Associate Education Minister Jan Tinetti says test results indicate the pandemic has set children’s learning back by months.
Tinetti said schools were reporting lower levels of NCEA achievement than normal and the government had also looked at results from a common set of tests called e-asTTle.
“We’ve got to be very cautious not to make too many judgements on it because there’s a lower number participating in these assessments than what there were before the pandemic but we do take it as indicative and we do know that there are trends that our e-asTTle data is lower in reading, maths and writing,” she said.
Tinetti said reading achievement was lower than at the same time in 2019, maths was not quite so badly affected, and writing remained at low levels of attainment as it had been before the pandemic.
“From the small data size that we’ve seen, it doesn’t show that it’s quite as bad as losing a whole year but it does show that quite a few months have been lost.”
“It’s not quite as bad as we thought it might have been overall, however there are groups of young people that we know, and we’ve had that evidence through from ERO that show that it’s been tougher on different groups than others and an example of that would be our Pacific students,” she said.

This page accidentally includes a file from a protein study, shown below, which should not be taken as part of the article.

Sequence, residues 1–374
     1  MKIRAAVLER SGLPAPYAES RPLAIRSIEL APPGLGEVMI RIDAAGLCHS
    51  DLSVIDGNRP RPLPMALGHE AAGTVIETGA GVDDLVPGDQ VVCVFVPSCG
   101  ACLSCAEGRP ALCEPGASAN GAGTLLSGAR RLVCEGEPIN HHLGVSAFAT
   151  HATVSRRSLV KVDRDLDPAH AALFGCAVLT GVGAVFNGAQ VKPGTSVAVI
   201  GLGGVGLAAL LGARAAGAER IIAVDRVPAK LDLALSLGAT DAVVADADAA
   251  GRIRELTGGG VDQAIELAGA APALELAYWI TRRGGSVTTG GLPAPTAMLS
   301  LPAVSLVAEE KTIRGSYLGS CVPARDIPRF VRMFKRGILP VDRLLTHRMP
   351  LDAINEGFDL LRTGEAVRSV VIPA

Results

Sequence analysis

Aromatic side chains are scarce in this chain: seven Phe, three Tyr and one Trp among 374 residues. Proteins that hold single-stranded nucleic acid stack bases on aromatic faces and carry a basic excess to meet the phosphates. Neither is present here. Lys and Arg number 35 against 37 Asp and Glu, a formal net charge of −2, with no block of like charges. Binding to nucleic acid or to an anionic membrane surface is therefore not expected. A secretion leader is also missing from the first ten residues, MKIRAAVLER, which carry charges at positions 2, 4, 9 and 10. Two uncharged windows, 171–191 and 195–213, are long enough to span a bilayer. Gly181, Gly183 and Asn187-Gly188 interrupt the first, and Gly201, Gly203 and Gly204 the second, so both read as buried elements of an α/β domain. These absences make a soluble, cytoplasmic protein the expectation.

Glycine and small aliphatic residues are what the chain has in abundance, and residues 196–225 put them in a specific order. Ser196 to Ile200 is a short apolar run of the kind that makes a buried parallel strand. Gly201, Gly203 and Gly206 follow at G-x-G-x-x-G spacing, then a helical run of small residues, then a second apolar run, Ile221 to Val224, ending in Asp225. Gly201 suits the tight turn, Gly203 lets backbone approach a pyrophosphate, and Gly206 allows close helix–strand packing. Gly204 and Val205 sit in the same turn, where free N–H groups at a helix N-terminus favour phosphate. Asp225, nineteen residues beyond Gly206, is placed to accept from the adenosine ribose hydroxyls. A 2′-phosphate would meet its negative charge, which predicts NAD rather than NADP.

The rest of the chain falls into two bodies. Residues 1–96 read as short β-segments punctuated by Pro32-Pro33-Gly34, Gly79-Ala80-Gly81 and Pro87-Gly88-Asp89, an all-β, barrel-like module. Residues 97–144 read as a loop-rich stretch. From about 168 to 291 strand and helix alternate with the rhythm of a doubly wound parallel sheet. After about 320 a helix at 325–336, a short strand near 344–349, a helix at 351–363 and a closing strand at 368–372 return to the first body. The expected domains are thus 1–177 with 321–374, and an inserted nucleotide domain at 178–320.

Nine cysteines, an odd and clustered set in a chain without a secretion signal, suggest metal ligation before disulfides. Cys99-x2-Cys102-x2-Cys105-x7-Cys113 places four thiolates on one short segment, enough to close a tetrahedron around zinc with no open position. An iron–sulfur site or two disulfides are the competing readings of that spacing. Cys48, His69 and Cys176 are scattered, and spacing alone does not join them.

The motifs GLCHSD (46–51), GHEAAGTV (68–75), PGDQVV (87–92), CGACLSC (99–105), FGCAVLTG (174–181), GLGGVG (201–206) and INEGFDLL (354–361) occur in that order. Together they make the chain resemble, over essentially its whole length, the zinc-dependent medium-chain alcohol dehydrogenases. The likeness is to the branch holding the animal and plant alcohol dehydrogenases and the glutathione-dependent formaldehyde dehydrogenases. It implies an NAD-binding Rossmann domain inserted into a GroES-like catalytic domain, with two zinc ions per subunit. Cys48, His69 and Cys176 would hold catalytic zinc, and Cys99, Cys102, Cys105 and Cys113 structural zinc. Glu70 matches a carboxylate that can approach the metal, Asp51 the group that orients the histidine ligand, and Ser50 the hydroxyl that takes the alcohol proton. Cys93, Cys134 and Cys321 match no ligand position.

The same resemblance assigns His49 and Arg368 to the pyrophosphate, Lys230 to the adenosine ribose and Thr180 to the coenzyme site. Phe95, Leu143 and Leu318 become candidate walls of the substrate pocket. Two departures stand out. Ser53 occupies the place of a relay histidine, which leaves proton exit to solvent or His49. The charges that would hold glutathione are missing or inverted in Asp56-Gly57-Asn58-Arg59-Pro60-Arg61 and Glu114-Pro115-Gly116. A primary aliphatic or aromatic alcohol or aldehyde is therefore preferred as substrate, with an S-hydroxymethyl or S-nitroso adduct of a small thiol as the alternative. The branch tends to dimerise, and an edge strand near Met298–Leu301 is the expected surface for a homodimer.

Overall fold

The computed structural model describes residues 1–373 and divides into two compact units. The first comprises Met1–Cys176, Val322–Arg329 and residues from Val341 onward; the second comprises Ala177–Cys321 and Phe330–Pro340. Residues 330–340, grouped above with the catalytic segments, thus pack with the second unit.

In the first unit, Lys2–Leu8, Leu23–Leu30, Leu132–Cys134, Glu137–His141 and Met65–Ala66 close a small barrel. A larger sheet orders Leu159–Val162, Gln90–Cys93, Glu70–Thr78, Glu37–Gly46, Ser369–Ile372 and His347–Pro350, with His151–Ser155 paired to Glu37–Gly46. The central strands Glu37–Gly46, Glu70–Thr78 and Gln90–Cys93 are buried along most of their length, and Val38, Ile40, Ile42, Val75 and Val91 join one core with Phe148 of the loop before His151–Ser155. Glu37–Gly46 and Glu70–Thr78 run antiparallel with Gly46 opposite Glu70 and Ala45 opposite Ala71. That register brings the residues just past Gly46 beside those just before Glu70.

“This has been a much tougher time on Pacific students and therefore they’re not achieving at as great a rate and it’s quite concerning.”
Tinetti said the government’s maths and literacy strategy would help schools catch up, as would its $20 million “lost learning” initiative aimed at providing extra teaching and tutoring for intermediate and secondary school students.
The government was looking at evidence of initiatives that would help younger children catch up such as providing more teachers, specialist teachers, and support staff, she said.
“I want to make certain that it’s got the evidence that will feed that lift and the appropriate and accelerated lift that we need.”
Principals of schools with large proportions of Pacific students confirmed to RNZ that students’ learning had suffered.
They warned it could take several years for their pupils to catch up.
Tairangi School principal Jason Ataera said it would be rare for any child in his community to be at the same level they would have been had the pandemic not happened.
“I would hope within three years, more, that we would expect to see students back to where they were,” he said.
However, principals of other schools told RNZ the pandemic appeared to have had a minimal effect on children’s achievement.
Story Credit: rnz.co.nz